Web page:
About Genetically Modified Organisms (Contained Use)
Advances in molecular biology since the early 1970s have resulted in the growth of a wide variety of techniques, which result in genetic modification. These techniques have been applied to a wide range of micro-organisms, plants and animals, resulting in increased scientific understanding of organisms, their interactions, genetics, and functions, as well as enabling production of enyzmes, therapeutic agents and gene therapy vectors.
Genetic modification (GM) occurs where the genetic material of an organism (either DNA or RNA) is altered by use of a method that does not occur in nature and the modification can be replicated and/or transferred to other cells or organisms. Typically, GM involves the removal of DNA, its manipulation outside the cell and reinsertion into the same or another organism. The aim of GM is often to introduce a new or altered characteristic to the target organism.
The organism which has been modified is referred to as a genetically modified organism (GMO). GMOs may be plants, animals or (most commonly) micro-organisms (including bacteria, viruses parasites and fungi). Where the GMO is a micro-organism it is typically referred to as a genetically modified micro-organism (GMM). An important point to note about GMOs is that in the case of humans, even if they have undergone genetic modification as a result of, for example, gene therapy, they are not regarded as GMOs in HSE's legislation.
It is similarly important to clarify what is meant by 'contained use'. Contained use is where control measures are used to limit contact between GMOs and humans and the environment so as to provide a high level of safety. In practice, this involves work in laboratories, animal houses, plant growth facilities (including growth rooms in buildings and suitable glasshouses) and large-scale production facilities on industrial sites.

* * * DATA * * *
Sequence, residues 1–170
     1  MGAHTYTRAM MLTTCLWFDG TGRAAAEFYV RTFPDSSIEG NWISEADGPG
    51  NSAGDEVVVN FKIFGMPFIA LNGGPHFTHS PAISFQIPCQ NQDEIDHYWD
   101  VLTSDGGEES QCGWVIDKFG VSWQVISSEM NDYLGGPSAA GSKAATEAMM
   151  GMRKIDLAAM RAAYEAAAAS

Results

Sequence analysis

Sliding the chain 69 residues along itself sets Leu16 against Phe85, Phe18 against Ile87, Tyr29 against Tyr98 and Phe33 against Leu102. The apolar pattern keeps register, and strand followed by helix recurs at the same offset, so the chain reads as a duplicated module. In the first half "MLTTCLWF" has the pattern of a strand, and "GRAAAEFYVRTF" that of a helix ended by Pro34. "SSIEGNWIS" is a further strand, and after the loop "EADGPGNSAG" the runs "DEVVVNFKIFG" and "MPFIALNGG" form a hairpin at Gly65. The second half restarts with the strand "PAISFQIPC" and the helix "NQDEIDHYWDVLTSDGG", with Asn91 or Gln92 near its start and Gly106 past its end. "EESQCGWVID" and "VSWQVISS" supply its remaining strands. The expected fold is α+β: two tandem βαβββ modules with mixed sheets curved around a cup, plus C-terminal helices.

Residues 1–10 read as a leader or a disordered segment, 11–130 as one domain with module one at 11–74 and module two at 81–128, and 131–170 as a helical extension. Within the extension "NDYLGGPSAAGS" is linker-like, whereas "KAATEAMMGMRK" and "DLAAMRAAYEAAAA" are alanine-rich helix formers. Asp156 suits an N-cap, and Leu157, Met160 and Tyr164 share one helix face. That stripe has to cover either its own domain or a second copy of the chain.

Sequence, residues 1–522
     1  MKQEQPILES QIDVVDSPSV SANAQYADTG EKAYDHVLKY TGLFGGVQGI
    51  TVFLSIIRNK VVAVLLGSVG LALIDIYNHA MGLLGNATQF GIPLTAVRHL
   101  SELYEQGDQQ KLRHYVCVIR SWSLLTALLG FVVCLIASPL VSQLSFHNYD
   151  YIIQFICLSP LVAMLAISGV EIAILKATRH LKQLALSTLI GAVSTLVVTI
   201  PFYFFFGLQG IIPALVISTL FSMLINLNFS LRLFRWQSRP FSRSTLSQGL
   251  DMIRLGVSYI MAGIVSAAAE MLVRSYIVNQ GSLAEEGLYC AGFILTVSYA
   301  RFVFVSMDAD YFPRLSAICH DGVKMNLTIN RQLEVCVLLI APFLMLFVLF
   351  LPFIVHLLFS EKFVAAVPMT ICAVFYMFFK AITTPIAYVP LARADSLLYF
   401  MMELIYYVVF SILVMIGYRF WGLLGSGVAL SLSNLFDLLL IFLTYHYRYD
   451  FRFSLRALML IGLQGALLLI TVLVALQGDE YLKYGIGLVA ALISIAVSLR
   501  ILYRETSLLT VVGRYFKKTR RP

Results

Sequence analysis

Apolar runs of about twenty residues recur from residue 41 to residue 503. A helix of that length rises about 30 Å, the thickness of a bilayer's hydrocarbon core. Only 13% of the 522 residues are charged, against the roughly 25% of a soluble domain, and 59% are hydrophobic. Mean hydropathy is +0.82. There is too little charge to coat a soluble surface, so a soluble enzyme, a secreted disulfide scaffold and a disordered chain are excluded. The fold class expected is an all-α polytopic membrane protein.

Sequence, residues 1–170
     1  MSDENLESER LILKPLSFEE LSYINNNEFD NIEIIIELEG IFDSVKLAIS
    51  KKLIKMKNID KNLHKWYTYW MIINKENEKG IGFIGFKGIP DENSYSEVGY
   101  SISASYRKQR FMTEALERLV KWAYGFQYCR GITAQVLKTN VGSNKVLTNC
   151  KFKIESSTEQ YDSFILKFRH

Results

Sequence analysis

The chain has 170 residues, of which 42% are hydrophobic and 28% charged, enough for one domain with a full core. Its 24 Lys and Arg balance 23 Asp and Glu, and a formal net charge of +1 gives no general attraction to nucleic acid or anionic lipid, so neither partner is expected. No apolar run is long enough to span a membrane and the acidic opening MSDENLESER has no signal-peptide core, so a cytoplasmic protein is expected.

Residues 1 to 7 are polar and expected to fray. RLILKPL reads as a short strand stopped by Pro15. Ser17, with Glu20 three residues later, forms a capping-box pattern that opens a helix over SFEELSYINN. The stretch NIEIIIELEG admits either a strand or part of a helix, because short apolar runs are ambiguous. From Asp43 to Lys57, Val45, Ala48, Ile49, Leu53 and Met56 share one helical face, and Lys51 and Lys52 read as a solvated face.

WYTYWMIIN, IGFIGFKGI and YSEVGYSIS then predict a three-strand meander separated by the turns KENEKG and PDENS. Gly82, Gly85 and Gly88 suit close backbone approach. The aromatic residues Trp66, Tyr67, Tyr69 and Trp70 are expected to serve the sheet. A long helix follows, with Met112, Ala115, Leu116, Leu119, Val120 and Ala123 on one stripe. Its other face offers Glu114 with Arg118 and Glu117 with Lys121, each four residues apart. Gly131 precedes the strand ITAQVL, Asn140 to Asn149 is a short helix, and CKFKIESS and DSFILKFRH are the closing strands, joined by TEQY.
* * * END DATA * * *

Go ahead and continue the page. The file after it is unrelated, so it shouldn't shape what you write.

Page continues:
The vast majority of work with GMOs in contained use is inherently safe. This is because most work involves the insertion of genes into micro-organisms that have been deliberately "crippled" with disabling mutations so that they will not grow outside of the controlled environment of a laboratory test tube. Safety is thus built into the experimental design. Only a small number of activities involve GMMs that are not disabled and still capable of growth outside of the laboratory. Risk assessments for all such work must be submitted to the regulatory authorities for approval before work can commence. The regulatory authorities are thus in a position to ensure that the work is carried out in facilities and equipment that contain the infectious materials during the work activities. The assignment of these containment measures tends to be done on a precautionary basis to allow some margin of safety, where there is any uncertainty over the risks. Gradually as knowledge increases some precautionary safeguards are being removed, where there is clear evidence that they are not necessary, and efforts are being focused on ensuring the safety of those projects where there are tangible hazards. The safety record in this industry is extremely good
About this website
This site describes the health and safety regime covering work with genetically modified organisms (GMOs) in contained facilities, such as research laboratories or biotechnology production facilities.
The types of work covered range from routine laboratory work, involving the cloning of human genes in bacterial strains that are inherently safe, to projects that are at the very frontiers of our understanding of the way in which the most serious pathogens cause disease.
This site does not cover the deliberate release of modified plants in field trials of GM crops.
This site is primarily designed to provide information to assist biological safety officers, employers and others working in the field, in their task of complying with health and safety legislation. There is also some information that will also be of interest to others with a more general interest in biosafety.